At Hayes Locums, we pride ourselves on the strength of the relationships between our consultants and the physicians they serve.

Our consultants view themselves as more than just recruiters. Instead, they function as support systems for physicians: there to lend them a shoulder to cry on (or vent to), to provide resources, and to take care of their logistical needs so that the doctor can focus on what matters most: taking care of their patients.

Few relationships embody this better than the one between Hayes Locums Senior Consultant Sara Boucher, and Dr. Yara Nazzal, a physician she has worked with since 2020.

We sat down with Sara and Dr. Nazzal to ask them what makes a good working relationship. Here’s what they had to say*:

How did you start working together?

Dr. Nazzal: Sara called me at the beginning of the pandemic in April 2020, and at the time, I didn’t want to work. I was terrified to get the virus. I told her the only way I would go into work is if she could get me a job in the [city where I live], so I wouldn’t have to travel. That September, she called me and said she had a job for me.

Sara: I had talked to Dr. Nazzal once or twice, so I knew what she was looking for. Thank God for good note-taking, because when this job came up I thought, “Okay, I have the perfect person.” I called her right away.

Dr. Nazzal: I was very excited, because at the time there were no jobs on the market. She found me a good job when I needed it, and that’s how I survived 2021. This is why I feel the way I do about Sara and Hayes Locums: because without them I don’t know how I would have survived.

How did you prepare for that first assignment?

Sara: We started working together long before the assignment even began, because of all the paperwork.

Dr. Nazzal: One of the big pluses about working with Sara is that she did all of the paperwork with me over the phone. I’ve never met anyone as helpful as her.

Sara: My whole mantra is, if you went through all that training to be a doctor and to take care of patients, that’s what your main focus should be on. The back-and-forth paperwork: I can help with that.

What do you view as the most important aspects of creating a good working relationship?

Sara: From my perspective, what makes Dr. Nazzal and I work so well together is being open and transparent, and building that bond with each other. I would support her no matter what. This is how she makes her life, this is how she pays her bills, and I’m just her support system to make that happen.

Dr. Nazzal: I can’t work with people I don’t trust, and I trust Sara to give me an unbiased opinion. At the end of the day, she’s always looking out for my interests.

Dr. Nazzal out and about with her niece.

What were some of your concerns about locum tenens, and how did Sara address them?

Dr. Nazzal: Usually the concern in locums is the consistency––you’re always worrying that you’re not going to have a job, so I feel much better when I have a long term job. And also feedback: if I’m on a long term contract with a hospital and they don’t like something, I want them to give me feedback. Because then I can work on it, instead of losing a job just because someone didn’t want to give me feedback. Sara is always very good at feedback. She tells me how things are. It’s reassuring.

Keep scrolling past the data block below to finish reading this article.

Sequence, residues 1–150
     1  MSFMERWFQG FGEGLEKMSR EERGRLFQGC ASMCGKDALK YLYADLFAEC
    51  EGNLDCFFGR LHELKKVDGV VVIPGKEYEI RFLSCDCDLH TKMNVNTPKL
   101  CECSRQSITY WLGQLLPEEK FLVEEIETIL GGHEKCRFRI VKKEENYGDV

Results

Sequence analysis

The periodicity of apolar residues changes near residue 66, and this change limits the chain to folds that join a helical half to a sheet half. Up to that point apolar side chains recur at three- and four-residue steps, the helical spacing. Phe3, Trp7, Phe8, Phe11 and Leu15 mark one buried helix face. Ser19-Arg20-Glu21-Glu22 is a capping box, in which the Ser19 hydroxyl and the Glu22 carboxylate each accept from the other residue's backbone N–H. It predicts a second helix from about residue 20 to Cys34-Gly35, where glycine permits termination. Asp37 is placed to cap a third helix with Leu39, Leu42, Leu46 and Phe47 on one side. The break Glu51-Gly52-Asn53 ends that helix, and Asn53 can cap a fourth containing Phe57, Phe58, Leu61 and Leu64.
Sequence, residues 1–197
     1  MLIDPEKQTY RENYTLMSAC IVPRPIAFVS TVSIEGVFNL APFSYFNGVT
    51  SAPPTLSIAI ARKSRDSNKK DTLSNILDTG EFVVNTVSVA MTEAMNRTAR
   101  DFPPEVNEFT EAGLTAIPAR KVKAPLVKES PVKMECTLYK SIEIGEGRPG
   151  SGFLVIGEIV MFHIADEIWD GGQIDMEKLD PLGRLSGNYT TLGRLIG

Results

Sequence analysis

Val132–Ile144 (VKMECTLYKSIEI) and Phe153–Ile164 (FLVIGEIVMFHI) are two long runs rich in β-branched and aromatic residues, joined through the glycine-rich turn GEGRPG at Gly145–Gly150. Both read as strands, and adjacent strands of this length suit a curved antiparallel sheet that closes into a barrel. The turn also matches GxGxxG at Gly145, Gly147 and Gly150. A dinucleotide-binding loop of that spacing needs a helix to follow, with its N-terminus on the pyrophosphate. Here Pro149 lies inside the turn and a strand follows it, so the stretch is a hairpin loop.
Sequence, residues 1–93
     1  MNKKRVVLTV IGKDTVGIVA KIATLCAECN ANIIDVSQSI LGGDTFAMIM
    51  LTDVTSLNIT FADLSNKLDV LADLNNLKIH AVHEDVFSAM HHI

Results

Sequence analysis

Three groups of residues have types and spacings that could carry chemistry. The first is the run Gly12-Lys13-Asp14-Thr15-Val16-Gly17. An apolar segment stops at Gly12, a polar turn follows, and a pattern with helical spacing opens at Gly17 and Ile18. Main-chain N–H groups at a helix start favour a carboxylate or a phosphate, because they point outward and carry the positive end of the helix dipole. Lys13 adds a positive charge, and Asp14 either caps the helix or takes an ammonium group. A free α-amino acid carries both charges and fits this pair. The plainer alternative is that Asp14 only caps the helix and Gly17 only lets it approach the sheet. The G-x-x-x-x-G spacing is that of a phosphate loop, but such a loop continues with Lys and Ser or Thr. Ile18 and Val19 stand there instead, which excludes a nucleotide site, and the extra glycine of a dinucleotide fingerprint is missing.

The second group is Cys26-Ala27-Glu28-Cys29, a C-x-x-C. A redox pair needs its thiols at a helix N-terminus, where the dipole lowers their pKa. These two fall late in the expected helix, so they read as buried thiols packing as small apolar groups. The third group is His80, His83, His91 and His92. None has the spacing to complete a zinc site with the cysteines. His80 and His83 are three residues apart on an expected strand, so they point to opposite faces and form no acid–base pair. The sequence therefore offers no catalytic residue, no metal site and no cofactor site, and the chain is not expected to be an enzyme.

Sara: Keeping the line of communication open helps. Sometimes you have to have hard conversations––which, knock on wood, I haven’t had to have with Dr. Nazzal.

But sometimes you have to have those, and you have to be honest. And that transparency works both ways––Dr. Nazzal will give me the dates that she’s working at another facility, so I can rearrange or help fill her schedule. We have this relationship where she trusts me to handle her calendar, whether she’s working with me or not.

Dr. Nazzal: She’ll remind me of things––if I say I want to take a job for a week, she’ll remind me that I have another job coming up right after, and might need a break. She remembers the small details, and that’s helped me a lot, because sometimes I forget in the moment. 

How did you build trust with each other, and how does that trust play out in your relationship?

Dr. Nazzal: Sara is trustworthy. I know if I call her with a problem, she will answer. She’s reliable. I always know she’s there for me, and I can talk to her about anything.

Sara: We just talk to each other. I think a different type of relationship builds when you get to see someone or hear someone over the phone. Because when you talk to someone you get to know them.

Sometimes we talk for hours––we talk about family, we talk about work, we talk about culture. I’m Asian, and the child of an immigrant, and Dr. Nazzal is Middle Eastern, and so we can both bring that level of cultural understanding, that experience to our conversation. It just happens naturally, when you get to know each other.

Dr. Nazzal: Caring is part of being good at your job, and we share that same sense of passion for our jobs. When you love a job, you do it very well. I work with people in different places, and I don’t have the same relationship with any of them as I have with Sara. I trust her and she earned the trust, because she’s very dedicated. She’s always there for you if you need anything, and she never lets me down. 

*This interview has been edited for clarity and length.

If you’re interested in seeing how a relationship with one of our locums consultants can benefit your career, start your locums job search today.